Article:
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William McIntosh Adult Apron
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  • Apron: Front
About this product
Size: Standard Apron

Enjoy cooking, painting, or gardening in this classic apron. It's super useful with its three spacious front pockets - perfect for all your utensils and tools. Select a design from our marketplace or customize it and unleash your creativity!

  • Made from a 35/65 cotton-poly twill blend, and a bit wider than our longer version (24" L x 28" W).
  • Machine washable.
  • Proudly made in the USA.
About this design
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William McIntosh Adult Apron
William McIntosh (1775 – April 30, 1825), also known as "Tustunnugee Hutkee (White Warrior)," was one of the most prominent chiefs of the Creek Nation between the Revolutionary War and the time of the Creek removal. He was considered a traitor by many Creek tribes due to his concessions to the United States government and his 1825 murder was seen as an execution by his enemies. ----- William McIntosh was of racially mixed ancestry and lived simultaneously as a wealthy white planter and as a traditional chief (or "miko") of the Creek Indians, a pattern shared with several of his biracial relatives. His wealth and his lineage allowed him to exert considerable influence in both the world of the white planter aristocracy and the world of the traditional Creek nation, thus his ancestry is particularly important facet to understanding him. He was the son of Captain William McIntosh (referred to here as Captain McIntosh to avoid confusion with his son of the same name) who was a member of a prominent Savannah, Georgia family sent into the Creek Nation to recruit them to fight for the British during the Revolutionary War. Captain McIntosh's mother, Jennet (or Janet in some sources) was a McGillivray and is believed to have been a sister of the Scottish born Lachlan McGillivray of the Clan MacGillivray Chiefs Lineage); whatever the relationship she was definitely a member of the same family as Lachlan McGillivray. Though much of Lachlan McGillivray's fortune was confiscated due to his status as a loyalist in the Revolutionary War, his family and business partners retained much of their wealth and political influence and as a member of this family William McIntosh received a substantial inheritance and many political connections among the white planter aristocracy of Georgia and the Carolinas. William McIntosh's mother was as important to his status among the Creeks as his paternal connection to the McGillivray clan was to the planter class. Her name was Senoya (also spelled Senoia and Senoy ref name="Hoxie"/>), and she was a member of the Wind Clan, a very prominent clan among the Creek Nation. Raised as a Creek for much of his childhood, McIntosh had little contact with his Tory father, but because among the Creeks descent was determined through one's mother the fact that his father was white was of little importance to other Creeks. In the Muskogean mindset (and the mindset of related groups), McIntosh's father was not as important as eldest brother of his mother, who was seen as the more prominent relative (aside from the mother). McIntosh was a cousin of William Weatherford (who eventually sided with the Upper Creeks) and Georgia Governor George M. Troup. On both the white paternal line and through his Creek maternal line McIntosh was a relative of numerous other biracial and influential Creek chiefs. Among them were Alexander McGillivray, the son of Lachlan McGillivray and a Wind clan mother named Sehoy, and McGillivray's nephew William Weatherford (better known in history as Red Eagle), both of whom were members of the Wind Clan and well established as both wealthy planters and as Creek chieftains. (Whether Senoya and the McGillivray matriarch Sehoy were biological relatives is unknown and unimportant; the fact that both were members of the Wind Clan was enough for McGillivray and McIntosh to feel a relationship.)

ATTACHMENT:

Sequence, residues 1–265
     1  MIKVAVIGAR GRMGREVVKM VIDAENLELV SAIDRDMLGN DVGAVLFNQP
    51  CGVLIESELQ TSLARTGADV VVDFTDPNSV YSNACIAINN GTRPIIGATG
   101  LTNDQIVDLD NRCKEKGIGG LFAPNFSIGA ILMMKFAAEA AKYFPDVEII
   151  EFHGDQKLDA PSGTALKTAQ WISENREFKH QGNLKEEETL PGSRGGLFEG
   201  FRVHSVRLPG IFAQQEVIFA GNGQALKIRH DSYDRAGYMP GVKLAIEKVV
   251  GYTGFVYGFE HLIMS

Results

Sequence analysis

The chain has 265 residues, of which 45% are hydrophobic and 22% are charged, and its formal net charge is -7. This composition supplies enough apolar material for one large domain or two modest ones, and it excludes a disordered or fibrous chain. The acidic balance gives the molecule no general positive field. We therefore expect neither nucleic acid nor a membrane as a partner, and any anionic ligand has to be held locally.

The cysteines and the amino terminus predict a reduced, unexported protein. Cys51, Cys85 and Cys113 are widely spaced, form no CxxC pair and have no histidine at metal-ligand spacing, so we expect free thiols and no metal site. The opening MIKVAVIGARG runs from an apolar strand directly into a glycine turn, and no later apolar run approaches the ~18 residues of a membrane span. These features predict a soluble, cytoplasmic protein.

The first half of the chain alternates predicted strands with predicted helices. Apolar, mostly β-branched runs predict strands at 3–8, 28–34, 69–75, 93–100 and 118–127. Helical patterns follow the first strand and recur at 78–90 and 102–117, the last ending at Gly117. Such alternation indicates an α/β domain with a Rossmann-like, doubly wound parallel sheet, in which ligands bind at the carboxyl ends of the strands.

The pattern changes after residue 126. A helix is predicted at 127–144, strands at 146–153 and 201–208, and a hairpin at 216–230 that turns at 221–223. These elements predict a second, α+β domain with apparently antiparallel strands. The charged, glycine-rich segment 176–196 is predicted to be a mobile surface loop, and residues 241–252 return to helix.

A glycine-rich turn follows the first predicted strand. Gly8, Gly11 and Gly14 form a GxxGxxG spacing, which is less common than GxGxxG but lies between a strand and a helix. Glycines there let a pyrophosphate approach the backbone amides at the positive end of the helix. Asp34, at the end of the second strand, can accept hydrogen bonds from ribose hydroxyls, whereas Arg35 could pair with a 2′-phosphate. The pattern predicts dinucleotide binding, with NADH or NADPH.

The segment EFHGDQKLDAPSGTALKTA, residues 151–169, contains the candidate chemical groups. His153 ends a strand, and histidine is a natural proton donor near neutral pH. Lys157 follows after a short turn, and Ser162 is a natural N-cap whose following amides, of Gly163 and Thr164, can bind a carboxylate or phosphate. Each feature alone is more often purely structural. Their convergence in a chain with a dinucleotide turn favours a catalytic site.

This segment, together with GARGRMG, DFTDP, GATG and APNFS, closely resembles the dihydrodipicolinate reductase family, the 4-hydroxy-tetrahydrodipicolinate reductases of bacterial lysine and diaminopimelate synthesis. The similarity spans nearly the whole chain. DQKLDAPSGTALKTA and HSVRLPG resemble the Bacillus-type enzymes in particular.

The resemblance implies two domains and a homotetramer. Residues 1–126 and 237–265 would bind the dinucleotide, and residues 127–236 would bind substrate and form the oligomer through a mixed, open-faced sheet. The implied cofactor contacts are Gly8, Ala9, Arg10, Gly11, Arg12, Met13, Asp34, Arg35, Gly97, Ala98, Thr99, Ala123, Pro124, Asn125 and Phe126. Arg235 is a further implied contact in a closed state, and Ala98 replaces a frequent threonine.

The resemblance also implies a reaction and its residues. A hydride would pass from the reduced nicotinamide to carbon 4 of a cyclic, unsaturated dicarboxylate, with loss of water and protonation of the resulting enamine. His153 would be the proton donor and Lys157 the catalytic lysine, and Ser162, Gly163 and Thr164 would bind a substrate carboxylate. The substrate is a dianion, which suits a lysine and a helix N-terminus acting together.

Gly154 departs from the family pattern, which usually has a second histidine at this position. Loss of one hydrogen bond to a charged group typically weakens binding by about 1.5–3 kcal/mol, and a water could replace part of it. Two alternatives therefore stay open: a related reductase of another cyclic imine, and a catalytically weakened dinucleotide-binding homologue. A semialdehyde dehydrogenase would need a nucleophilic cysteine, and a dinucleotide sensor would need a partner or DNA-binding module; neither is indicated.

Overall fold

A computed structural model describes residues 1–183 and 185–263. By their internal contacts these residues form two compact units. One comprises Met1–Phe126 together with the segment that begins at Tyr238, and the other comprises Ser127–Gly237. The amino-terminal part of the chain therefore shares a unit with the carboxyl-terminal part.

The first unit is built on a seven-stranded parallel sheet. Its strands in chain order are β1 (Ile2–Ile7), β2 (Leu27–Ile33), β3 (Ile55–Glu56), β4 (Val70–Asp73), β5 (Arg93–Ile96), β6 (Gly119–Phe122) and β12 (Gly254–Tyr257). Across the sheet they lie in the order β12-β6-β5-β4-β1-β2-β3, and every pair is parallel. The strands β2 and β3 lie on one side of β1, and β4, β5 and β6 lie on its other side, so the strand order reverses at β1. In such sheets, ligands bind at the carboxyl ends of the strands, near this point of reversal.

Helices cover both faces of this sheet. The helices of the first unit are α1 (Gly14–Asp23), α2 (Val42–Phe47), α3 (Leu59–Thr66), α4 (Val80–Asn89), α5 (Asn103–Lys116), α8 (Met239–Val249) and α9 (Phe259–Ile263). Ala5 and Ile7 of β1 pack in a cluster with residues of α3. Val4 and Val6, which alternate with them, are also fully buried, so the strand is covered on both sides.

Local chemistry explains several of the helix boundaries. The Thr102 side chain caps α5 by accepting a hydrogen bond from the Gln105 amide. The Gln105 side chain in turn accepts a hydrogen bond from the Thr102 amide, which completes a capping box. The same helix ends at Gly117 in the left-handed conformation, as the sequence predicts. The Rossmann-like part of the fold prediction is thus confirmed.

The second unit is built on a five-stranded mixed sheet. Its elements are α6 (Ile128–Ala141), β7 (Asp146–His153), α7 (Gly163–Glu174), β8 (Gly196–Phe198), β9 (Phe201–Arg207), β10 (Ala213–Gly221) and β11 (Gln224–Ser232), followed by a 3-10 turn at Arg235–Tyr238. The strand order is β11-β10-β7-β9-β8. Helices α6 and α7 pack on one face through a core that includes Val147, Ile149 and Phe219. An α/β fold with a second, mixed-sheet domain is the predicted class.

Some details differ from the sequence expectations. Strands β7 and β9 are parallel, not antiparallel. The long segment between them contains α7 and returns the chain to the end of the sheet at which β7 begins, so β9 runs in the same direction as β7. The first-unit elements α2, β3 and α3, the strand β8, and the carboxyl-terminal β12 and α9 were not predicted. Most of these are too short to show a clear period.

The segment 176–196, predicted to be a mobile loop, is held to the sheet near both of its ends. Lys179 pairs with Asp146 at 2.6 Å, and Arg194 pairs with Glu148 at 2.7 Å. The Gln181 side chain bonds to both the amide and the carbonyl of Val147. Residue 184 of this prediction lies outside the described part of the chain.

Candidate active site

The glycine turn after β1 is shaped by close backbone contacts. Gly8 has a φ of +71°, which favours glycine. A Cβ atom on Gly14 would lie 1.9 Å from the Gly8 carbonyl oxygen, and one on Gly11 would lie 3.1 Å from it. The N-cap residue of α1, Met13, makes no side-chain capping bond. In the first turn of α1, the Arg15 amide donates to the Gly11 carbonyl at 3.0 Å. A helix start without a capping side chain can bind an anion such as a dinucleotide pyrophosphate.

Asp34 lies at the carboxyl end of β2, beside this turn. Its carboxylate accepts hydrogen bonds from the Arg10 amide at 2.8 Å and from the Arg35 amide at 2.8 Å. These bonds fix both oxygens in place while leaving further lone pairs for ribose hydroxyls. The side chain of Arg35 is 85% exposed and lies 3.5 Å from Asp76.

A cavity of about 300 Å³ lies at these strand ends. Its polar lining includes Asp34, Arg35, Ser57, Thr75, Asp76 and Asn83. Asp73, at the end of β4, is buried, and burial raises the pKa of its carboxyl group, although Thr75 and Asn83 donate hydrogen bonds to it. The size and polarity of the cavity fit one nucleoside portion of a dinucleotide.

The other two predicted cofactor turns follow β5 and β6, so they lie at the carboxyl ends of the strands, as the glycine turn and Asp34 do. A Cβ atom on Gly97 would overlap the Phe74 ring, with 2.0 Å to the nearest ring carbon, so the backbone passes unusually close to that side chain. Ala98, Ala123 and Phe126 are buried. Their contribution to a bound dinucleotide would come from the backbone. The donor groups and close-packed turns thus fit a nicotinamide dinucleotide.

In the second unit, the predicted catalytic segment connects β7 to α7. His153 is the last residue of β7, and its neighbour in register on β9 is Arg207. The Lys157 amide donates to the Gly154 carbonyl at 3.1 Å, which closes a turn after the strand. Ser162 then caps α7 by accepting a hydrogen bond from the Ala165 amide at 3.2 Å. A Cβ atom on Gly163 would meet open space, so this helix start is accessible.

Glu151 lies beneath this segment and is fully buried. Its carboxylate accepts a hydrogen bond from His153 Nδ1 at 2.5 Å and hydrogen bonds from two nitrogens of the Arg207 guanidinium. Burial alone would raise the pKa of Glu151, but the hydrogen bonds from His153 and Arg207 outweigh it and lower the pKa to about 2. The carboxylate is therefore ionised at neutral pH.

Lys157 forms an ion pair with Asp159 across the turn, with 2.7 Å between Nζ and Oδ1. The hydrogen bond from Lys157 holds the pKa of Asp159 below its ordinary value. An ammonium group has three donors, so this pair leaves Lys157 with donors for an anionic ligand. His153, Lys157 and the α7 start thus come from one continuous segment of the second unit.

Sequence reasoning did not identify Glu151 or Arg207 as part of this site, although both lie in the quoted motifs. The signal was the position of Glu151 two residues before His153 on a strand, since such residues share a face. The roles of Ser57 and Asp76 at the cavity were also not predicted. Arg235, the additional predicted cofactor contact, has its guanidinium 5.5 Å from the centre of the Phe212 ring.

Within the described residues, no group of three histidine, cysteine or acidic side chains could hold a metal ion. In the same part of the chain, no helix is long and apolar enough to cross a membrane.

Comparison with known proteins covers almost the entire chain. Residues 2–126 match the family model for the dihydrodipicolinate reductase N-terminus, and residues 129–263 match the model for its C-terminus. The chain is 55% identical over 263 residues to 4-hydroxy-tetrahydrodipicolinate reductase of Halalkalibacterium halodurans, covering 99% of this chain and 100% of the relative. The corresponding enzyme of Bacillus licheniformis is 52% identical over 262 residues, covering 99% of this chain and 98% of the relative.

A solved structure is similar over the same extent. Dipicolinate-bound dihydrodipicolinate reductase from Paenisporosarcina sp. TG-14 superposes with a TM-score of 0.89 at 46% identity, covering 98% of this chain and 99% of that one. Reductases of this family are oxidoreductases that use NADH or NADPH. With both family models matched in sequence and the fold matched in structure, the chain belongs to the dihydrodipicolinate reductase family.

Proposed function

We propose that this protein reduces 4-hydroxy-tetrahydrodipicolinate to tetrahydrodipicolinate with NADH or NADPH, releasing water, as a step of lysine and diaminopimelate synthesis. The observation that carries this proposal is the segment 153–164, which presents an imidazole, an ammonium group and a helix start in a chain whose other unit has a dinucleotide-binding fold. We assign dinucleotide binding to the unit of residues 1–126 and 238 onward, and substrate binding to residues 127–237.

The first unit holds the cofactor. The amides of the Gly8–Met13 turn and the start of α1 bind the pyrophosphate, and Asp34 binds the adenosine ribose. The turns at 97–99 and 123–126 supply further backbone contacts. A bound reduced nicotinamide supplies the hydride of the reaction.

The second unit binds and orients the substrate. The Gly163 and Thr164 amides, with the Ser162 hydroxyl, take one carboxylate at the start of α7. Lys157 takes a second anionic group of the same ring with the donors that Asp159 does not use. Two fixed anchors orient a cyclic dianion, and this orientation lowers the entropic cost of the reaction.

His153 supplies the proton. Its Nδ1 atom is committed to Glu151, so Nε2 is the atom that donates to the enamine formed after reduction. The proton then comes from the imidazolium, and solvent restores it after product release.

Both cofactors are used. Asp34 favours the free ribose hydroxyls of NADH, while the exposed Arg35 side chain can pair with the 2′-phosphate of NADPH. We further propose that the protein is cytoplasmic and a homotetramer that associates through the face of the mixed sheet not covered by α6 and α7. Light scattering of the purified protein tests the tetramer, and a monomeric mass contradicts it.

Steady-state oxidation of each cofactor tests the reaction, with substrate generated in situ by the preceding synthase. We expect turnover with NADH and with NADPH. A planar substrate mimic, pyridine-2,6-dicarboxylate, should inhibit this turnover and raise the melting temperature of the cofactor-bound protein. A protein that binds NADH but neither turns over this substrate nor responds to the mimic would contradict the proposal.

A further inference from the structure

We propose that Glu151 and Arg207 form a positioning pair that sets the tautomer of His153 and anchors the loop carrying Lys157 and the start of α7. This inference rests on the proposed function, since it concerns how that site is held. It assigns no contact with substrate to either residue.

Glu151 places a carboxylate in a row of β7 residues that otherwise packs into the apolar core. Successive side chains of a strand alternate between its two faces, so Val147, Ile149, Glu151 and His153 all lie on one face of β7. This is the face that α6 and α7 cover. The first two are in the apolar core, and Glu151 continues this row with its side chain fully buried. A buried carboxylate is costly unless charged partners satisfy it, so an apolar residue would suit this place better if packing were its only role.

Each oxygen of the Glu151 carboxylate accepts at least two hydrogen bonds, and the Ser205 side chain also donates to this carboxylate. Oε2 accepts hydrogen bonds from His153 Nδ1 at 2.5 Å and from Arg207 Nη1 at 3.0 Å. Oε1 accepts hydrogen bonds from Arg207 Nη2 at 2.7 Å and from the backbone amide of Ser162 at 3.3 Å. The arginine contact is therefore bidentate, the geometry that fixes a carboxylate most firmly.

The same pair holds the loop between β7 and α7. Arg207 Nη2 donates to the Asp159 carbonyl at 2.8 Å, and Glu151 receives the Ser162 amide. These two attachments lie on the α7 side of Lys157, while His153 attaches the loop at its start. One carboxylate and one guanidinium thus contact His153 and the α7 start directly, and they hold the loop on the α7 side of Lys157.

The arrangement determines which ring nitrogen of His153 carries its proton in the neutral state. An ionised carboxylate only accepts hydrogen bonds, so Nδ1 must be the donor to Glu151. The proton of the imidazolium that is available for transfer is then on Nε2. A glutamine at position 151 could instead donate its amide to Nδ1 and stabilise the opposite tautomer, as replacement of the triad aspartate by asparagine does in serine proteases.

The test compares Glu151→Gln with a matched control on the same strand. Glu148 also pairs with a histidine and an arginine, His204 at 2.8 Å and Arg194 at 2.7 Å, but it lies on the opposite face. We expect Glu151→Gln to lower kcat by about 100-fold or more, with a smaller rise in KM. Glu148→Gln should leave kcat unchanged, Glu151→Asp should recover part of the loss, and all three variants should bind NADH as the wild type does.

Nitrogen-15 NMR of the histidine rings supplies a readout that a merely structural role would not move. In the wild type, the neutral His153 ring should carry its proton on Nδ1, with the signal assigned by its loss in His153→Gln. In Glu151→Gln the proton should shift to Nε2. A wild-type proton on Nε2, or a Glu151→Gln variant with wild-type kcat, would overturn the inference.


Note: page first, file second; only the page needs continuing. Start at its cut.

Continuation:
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William McIntosh Adult Apron

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Other Info

Product ID: 154598938793902060
Created on: 7/30/2010 1:55 PM
Reference: Guide Files